As an action movie- V for Vendetta is a fun time with some thrilling sequences and memorable performances from both Portman & Weaving. It isn't the brilliant social/political critique that some people seem to think it is. While clearly borrowing heavily from some of the great political fictions- this is not even close to 1984, Animal Farm, or Brave New World by any stretch of the imagination. The message is vague & general enough for people of various political inclinations to conclude this is a film that preaches their own beliefs. Obviously totalitarianism is bad, but this movie is a pretty simplistic depiction of totalitarianism & its effects on a society. The bad guys (in this story only being the top authorities) are cartoonishly evil, while the citizenry is depicted as innocent, apathetic, zombies who only can be shaken from their stupor by explosions. The complex reality of a totalitarian society, and the fact that citizens often carry as much of the blame as the immoral leaders they follow, is completely breezed over. A major issue I have **SPOILER** is the middle act where V fools Evey into thinking she has been captured by the government and then imprisons and brutally tortures her for days, (if not weeks or months? the timeline isn't made clear) before finally convincing her that death is imminent . They breeze over the fallout of this evil, insane act by V as him simply trying to "cure Evey of her fear". After a quick scene of dialogue where Evey is understandably enraged at the psychotic, violent behavior of V- things quickly move along. Shortly after she is seen mourning his death and justifying his actions as necessary- with the writers clearly assuming the audience will feel similarly. Sorry, but I don't think it's possible to have a character act as an evil psychopath, and then remain as the protagonist who we are meant to root for. The attempt to justify it by saying Evey needed to be freed from fear is laughably bad, and is terrible writing. V's action here also invalidate any moral superiority he wants to claim over the government. He is essentially the exact same monster they are, committing atrocities in the name of the means justifying the ends.
The Wicker Man is a slow moving, hypnotic, mesmerizing type of horror that barely shows you anything usually thought of as "scary", and yet it effectively unsettles you as the story unfolds. The reason the end is so shocking and memorable is because of how well they set it up with tension and sharp dialogue. The themes on display here are profound, Christianity vs Celtic paganism (or "The Old Gods" as Lord Summerisle puts it), science vs superstition, conservative sexual morality vs libertine. The music fits perfectly and helps create the off putting atmosphere of the islanders. As a protagonist- Howie is sympathetic, but also frustrating. His own ideological commitments and self righteous shock at the way the islanders live blinds him to the unfolding path of horror that he is unwittingly following. Sometimes he is annoyingly thick in his approach to the investigation- getting bogged down in his own anger and arguing endlessly with the villagers over who the real god is. At the same time you do feel for his frustration, as the islanders gaslight and slow down his investigation at every turn. Whenever he seems to have a new lead, or information that might resolve the case- things take another turn into more confusing terrain. In the end I think it is his own self righteous overconfidence that causes him to underestimate Summerisle and ultimately be its victim. He is so certain he is right in his religious views, and so confident in his legal authority, that he doesn't seem to realize that regardless what he believes- the islanders don't really care and will follow through with their practices. He wields his legal authority with confidence, seemingly never considering that he is vastly outnumbered, totally isolated, and in a very vulnerable position. All that said his righteousness has a genuine foundation, as his real goal is to find Rowan Morrison (or rescue her if she is still alive). But his shock and awe, and offended religious sensibilities get in the way of his real mission. It isn't until the very last moment, as he gazes on the Wicker Man with horror- that he realizes just how committed these people are to their beliefs, and how lacking his understanding was of what they are really capable of.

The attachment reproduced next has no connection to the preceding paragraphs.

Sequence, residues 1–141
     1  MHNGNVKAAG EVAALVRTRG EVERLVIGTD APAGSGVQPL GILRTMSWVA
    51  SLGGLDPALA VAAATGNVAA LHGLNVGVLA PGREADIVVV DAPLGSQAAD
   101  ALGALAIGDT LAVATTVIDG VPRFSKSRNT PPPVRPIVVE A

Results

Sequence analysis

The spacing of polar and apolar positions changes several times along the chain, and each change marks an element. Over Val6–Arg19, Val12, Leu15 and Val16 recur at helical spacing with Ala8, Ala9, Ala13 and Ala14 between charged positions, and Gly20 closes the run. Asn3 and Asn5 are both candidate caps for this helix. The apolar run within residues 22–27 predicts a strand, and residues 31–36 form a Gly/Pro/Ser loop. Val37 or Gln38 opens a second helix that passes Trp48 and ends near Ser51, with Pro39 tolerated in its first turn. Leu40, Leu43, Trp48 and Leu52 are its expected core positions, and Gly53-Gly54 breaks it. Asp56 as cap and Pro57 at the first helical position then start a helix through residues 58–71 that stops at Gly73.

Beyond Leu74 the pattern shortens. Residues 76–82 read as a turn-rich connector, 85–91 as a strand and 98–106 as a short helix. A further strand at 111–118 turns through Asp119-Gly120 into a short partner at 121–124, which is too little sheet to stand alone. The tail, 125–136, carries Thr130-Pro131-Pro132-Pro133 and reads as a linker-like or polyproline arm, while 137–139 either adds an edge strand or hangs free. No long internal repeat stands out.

Shang Chi is a perfectly watchable, although somewhat formulaic and forgettable MCU origin. I liked the main characters, and am open to seeing them in future adventures- but this origin didn't really hook me in any meaningful way